The Lykov family left their hometown of Lykovo, Russia, for the Siberian taiga forest in 1936 to escape Stalin’s persecution of Old Believers like them. The Old Believers are a sect of the Russian Orthodox church that still follow the prayers, lifestyle, and customs from the 17th century and earlier.
This group had been actively persecuted in Russia long before Stalin, but the final straw was when the head of the family, Karp, witnessed his brother shot by a communist guard. Karp immediately gathered his wife and children and headed out of town, ending up near the Yerinat River roughly 150 miles away from the nearest town.
The Lykov family lived in a home they built themselves from timber until 1978 when geologists looking for a spot to do research flew their helicopter over them and spotted the compound, cautiously approaching on foot.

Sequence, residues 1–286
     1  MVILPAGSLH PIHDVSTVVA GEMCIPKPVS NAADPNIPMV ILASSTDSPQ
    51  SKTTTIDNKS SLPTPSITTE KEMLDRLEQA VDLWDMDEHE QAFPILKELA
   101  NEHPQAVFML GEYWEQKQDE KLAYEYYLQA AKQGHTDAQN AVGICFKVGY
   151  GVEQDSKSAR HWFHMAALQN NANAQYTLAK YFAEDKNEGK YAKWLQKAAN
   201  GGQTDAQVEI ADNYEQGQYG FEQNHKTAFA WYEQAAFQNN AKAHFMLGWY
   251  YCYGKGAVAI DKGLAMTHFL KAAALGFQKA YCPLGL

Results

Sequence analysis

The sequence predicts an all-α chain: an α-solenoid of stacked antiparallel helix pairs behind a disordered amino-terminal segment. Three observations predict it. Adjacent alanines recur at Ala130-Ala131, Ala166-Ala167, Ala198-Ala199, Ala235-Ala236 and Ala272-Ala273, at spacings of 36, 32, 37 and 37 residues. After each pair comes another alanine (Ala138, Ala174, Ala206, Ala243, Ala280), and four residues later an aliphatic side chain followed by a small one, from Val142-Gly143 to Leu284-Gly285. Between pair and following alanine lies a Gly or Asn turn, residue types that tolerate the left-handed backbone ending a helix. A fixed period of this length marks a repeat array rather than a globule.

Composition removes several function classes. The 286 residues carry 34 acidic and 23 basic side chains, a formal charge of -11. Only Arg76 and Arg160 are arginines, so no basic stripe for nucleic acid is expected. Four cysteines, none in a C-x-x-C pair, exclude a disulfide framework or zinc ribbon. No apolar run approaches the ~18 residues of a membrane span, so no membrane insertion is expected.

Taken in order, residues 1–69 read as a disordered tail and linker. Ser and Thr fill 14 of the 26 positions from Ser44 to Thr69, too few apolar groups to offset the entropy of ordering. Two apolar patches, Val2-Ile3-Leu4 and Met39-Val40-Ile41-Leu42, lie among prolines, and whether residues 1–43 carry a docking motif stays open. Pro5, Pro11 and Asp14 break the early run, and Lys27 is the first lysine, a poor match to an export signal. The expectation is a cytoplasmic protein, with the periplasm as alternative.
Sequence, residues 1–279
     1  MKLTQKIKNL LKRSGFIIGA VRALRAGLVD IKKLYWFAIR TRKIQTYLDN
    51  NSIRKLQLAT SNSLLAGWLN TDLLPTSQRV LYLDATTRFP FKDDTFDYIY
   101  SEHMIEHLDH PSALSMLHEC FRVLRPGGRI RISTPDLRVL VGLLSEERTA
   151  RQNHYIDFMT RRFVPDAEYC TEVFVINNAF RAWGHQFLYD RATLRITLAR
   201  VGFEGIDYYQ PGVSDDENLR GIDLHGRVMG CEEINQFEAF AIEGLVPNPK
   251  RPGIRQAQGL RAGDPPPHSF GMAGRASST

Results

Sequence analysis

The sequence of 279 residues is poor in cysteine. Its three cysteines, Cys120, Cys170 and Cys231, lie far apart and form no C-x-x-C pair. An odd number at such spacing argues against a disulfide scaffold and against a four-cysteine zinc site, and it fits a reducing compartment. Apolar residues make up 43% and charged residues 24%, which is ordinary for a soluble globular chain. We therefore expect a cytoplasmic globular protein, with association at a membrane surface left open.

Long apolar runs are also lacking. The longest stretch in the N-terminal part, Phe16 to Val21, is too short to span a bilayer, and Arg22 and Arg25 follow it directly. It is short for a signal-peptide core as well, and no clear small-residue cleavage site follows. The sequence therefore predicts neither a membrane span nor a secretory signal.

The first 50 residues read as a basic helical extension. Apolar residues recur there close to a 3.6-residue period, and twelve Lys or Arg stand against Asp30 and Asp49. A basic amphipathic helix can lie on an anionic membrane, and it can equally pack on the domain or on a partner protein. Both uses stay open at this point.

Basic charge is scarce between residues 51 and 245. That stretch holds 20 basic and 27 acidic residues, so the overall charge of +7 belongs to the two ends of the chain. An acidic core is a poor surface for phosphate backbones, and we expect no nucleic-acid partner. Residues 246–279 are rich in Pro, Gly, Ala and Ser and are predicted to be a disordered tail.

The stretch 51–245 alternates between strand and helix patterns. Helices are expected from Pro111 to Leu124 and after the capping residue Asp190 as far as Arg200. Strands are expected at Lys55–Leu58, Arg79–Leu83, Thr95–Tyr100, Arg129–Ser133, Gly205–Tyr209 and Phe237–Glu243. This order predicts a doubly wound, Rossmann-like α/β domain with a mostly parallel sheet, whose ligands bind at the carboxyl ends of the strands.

Living off the land and seeing no other humans for decades, the family had no knowledge of current events or inventions. They had no idea that World War II had ended or indeed ever begun. The Lykovs were running out of food and supplies after all those years alone and particularly bad crop, so the researchers may have just saved their lives.
Akulina and Karp Lykov had 4 children, two of which were born in wilderness and had seen no other humans besides their family until they were discovered.
The youngest child was Agafia, who survives to this day, living in much the same that her her family had, cut off from most of the world and relying on herding animals for sustenance. Her prayer books are 400 years old and her tools and decor are mostly handmade. Scientists have studied Agafia and found her idiosyncratic dialect of Russian to be unique.
Today Agafia still lives in the family’s compound and braves the harsh winters in order to retain the independent and nature-based life that grew up in. She had one neighbor, Yerofei Sedov who was one of the geologists who discovered the family in 1978. But, he passed away in 2015. You can find out more about the Lykov family in the video below.